Truth-in-sentencing, K-12 funding, Titans stadium part of talks in $52.8B state budget plan
Tennessee State Capitol (Photo: John Partipilo)
A truth-in-sentencing bill pushed by the House and Senate speakers, along with a K-12 funding plan and $500 million in state bonds for a new Titans stadium are the focal points of negotiations as the two chambers prepare to consider different $52.8 billion budget plans Thursday.
The House and Senate are expected to take up separate budget proposals and possibly approve them before adjourning and heading into a weekend of talks over the state spending plan for fiscal 2022-23.
House and Senate finance committees approved different versions of the budget Wednesday, with the House plan containing $500 million in bonds for the Titans to build a $2 billion domed facility next to Nissan Stadium on Nashville’s East Bank. The Titans are said to be coming up with $700 million, while Metro Nashville is seeking approval of a 1-cent increase in the hotel/motel tax, now at 6%, to pay any debt it incurs.
The Titans debt measure was removed from the Senate version through an amendment by Senate Majority Leader Jack Johnson of Williamson County, who is facing opposition from Gary Humble, leader of the advocacy group Tennessee Stands, in the Republican primary.
But Senate sources say it will be reinserted in a conference committee once each chamber approves a budget plan either Thursday or early next week.
After each chamber approves the budget, lawmakers will work out differences and take up other bills that require spending state funds, as well as other measures that couldn’t be handled before the budget.
Talk surfaced Thursday that lawmakers were holding up on passage of the governor’s K-12 funding proposal, dubbed the Tennessee Investment in Student Achievement, until he agrees to sign a truth-in-sentencing bill that would require those convicted of serious crimes such as aggravated assault and aggravated robbery to serve 100% of sentences, instead of going by a sentencing schedule that usually reduces the time to be served before convicts go to prison.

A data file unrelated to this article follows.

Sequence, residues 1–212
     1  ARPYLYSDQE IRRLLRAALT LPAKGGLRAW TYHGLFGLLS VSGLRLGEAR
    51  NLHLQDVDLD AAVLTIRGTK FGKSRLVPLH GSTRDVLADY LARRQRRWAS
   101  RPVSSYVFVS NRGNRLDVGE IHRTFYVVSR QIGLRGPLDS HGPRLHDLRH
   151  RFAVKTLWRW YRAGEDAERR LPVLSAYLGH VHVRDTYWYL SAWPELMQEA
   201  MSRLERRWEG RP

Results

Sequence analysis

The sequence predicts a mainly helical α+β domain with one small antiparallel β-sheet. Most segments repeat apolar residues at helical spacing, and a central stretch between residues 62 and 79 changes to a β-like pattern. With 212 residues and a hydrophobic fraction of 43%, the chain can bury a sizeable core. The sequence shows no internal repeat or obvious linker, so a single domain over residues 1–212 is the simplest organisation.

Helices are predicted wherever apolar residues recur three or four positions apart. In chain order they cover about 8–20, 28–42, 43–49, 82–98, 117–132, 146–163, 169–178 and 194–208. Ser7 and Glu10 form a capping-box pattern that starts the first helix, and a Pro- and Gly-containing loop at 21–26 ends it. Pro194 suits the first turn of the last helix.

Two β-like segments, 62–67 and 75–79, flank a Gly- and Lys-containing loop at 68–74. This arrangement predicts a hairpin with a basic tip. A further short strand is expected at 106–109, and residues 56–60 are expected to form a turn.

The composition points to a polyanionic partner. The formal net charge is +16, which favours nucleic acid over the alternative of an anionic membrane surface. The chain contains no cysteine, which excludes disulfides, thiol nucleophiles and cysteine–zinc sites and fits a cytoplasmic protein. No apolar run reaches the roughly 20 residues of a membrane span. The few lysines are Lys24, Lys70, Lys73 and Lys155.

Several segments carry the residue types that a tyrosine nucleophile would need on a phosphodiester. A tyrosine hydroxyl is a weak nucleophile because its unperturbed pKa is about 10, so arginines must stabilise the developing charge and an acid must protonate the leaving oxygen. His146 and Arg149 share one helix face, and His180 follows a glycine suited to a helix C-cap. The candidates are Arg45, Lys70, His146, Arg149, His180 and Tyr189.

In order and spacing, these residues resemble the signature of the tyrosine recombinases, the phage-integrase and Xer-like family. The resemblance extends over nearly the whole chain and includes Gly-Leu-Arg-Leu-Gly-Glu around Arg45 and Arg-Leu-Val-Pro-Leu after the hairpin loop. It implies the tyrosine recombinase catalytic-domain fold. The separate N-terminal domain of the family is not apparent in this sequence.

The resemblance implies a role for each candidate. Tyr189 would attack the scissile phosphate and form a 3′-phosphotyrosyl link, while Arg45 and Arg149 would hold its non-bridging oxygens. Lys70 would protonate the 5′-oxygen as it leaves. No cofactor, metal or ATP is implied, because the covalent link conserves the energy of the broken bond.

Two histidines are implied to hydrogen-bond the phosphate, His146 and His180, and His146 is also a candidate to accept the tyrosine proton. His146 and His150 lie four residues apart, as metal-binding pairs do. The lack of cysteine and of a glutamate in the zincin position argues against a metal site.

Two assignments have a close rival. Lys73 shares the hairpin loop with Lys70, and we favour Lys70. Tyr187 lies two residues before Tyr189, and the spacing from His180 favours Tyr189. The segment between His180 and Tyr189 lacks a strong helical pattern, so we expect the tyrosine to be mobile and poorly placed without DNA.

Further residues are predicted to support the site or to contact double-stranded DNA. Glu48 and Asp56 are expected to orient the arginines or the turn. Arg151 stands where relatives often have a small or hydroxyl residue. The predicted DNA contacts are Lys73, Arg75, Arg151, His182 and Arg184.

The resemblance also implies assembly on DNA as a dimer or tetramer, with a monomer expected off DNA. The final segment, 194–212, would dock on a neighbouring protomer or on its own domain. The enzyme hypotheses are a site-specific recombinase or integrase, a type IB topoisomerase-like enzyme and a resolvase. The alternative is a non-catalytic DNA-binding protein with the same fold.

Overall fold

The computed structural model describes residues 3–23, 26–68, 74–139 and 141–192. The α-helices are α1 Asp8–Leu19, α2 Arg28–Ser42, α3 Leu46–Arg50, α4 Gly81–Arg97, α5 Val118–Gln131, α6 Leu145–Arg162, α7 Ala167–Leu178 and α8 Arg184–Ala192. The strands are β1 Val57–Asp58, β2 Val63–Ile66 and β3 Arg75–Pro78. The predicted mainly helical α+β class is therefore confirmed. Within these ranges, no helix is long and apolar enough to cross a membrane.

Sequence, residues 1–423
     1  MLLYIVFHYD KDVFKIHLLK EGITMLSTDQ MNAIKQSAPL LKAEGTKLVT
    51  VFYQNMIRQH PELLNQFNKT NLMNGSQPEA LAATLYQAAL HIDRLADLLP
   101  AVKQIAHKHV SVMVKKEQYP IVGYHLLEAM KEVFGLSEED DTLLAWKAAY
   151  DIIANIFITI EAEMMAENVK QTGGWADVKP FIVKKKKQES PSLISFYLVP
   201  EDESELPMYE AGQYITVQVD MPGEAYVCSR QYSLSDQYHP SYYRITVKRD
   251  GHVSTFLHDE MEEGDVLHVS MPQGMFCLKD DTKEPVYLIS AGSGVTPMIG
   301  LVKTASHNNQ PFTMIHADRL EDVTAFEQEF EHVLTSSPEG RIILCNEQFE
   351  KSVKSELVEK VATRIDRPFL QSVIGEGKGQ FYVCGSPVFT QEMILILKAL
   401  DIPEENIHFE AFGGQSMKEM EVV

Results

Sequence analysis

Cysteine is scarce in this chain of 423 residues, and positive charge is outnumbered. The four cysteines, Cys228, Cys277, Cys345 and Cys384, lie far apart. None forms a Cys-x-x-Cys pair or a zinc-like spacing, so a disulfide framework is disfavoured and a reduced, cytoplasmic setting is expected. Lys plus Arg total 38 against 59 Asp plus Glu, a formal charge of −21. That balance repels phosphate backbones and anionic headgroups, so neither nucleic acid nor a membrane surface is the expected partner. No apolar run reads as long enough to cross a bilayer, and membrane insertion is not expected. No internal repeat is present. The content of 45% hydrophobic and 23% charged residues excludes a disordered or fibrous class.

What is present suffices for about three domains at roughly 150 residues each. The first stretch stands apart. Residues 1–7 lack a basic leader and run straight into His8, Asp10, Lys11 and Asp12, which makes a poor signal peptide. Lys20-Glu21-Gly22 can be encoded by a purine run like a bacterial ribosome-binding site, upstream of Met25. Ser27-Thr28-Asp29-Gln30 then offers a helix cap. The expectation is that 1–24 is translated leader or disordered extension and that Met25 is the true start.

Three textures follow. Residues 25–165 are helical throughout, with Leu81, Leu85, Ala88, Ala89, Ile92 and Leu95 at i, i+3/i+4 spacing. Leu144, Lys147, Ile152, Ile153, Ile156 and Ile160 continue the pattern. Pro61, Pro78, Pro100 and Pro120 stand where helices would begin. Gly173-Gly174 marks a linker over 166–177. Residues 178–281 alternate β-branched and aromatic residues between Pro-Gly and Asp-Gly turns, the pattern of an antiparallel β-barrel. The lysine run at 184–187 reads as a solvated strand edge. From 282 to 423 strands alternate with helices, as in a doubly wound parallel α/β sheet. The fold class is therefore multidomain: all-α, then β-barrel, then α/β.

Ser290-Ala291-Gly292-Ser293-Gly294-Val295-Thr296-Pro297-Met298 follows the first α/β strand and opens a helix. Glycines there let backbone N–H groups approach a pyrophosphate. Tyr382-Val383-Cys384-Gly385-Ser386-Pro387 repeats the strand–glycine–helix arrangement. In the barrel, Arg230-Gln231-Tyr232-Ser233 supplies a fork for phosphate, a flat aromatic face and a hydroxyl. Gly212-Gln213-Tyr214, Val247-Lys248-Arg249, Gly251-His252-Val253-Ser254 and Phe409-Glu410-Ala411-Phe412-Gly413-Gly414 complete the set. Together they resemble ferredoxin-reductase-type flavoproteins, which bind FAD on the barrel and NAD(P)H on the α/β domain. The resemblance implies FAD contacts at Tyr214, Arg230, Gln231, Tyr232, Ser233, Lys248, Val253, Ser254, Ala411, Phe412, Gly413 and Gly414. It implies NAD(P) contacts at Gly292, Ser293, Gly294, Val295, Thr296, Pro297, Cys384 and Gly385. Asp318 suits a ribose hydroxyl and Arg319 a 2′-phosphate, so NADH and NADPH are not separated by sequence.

The American Conservative Union (ACU) entered the argument this week when it sent key lawmakers a letter stating its opposition to the bill and warning legislators that it would grade them on their stance, according to a Tennessee Journal report. The ACU said it could not support the measure, in part, because of the projected expense, about $40 million annually after a decade. The Department of Correction estimated the cost at $90 million to make the changes.
The Senate Finance, Ways and Means Committee passed an amended version of the legislation Wednesday, reducing the number of crimes that would require a full sentence without an opportunity for parole and offering an 85% range on some.
Lt. Gov. Randy McNally, R-Oak Ridge, and House Speaker Cameron Sexton, R-Crossville, are sponsoring the truth-in-sentencing bills, enabling the legislation to move through committees even though some lawmakers are not enamored with the measures.